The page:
Years of gigs in various formations with the same musicians can create relationships where you learn your partners' tendencies and how to push them in ways that others simply cannot. And when these musicians come together to record, the results can often mark an apex in their respective recording careers. Sound Unity
, taped during 2004 live performances in Canada, is such a milestone for this quartet led by William Parker.
To say the least, the bassist, composer, and bandleader is prolific and consistent. Just about anything that bears his name reflects the spirit of a musician who pushes himself and others to achieve new heights and abilities that lie just beyond their fingertipsand he often helps them to succeed in grasping these things, if only for a short time. A festival organizer, griot, and all-around hinge for improv groups pushing the envelope, Parker has had many apexes in his career, but Sound Unity
is unique in that it's coming from a standing group of musicians who have created a unified identity unlike other ensembles in the post bop/free improv style of music.
Along with Parker, drummer Hamid Drake forms the foundation for the quartet. His ability to elicit sounds from his kit allows him to embellish the mood of a piece, rather than simply ride it, and that skill has attracted even straight-ahead critics to recognize his mastery. The quartet is filled out by Lewis Barnes and his subdued yet burnished tone on trumpet, plus Rob Brown, whose flat to sharp tone is not far from that of Jackie McLean's, marked by an ability to open up beautifully when called upon to do so. The horns contribute a sweet and sour mix that creates the slightest harmonic tension, which serves as a hallmark of the group's sound.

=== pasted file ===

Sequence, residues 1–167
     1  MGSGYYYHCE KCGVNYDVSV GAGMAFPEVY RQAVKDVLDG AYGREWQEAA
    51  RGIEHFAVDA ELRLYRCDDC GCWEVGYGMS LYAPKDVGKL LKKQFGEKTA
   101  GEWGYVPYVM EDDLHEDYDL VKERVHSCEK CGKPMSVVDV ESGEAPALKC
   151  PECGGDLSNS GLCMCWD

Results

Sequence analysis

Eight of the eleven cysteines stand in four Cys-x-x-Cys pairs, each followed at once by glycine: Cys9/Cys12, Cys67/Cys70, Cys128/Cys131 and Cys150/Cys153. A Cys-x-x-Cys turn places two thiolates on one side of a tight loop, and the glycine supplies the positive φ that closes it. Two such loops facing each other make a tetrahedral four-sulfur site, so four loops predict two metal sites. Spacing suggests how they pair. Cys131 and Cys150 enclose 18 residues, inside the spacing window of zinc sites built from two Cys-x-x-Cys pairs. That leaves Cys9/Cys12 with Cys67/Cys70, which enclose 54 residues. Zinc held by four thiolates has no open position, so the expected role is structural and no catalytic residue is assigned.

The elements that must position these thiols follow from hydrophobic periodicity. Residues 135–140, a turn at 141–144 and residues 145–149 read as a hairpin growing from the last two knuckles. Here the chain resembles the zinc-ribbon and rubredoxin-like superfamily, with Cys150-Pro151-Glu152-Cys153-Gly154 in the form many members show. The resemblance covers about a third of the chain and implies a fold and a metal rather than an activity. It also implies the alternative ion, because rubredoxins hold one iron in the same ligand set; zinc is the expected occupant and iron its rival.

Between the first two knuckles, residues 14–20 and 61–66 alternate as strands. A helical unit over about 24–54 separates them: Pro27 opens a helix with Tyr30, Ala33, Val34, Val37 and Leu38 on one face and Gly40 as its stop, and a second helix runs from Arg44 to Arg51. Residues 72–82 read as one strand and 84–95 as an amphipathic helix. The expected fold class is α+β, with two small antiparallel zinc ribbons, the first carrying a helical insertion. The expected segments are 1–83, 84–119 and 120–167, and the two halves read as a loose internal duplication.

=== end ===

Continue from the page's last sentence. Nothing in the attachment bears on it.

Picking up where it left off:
The music itself comes from a place not so dissimilar to the one occupied by Charles Mingus, especially on his Atlantic Recordings. The proceedings have a drive that nearly boils over but never actually spills. These are meditations on ideas and subjects, not notes on the page. And by the way the sound is pushed forward, you often think there are more than four musicians and instruments working together. Even when the isolated rhythm section locks together like it does partway through "Hawaii, the mood is brash and bold as Parker and Drake push the very limits of a swinging groove.
To be sure, this is bold music for the new millennia. What's changed between Mingus' widely recognized efforts in the '60s and the present is that jazz is now pursuing so many avenues that a recording like this can only reach a relatively small portion of the listening public. But if Parker's quartet could reach a larger audience through a recording like this, it would be interesting to see how his stature would change.
Nevertheless, when Brown and Barnes open "Poem for June Jordan with their slowly paced horns, this music reveals itself as an extension of both what has come before and the place where Parker and similar-minded men and women are trying to take it. In pursuing this music they clearly channel it, along with an mood of joy, from musician to listener.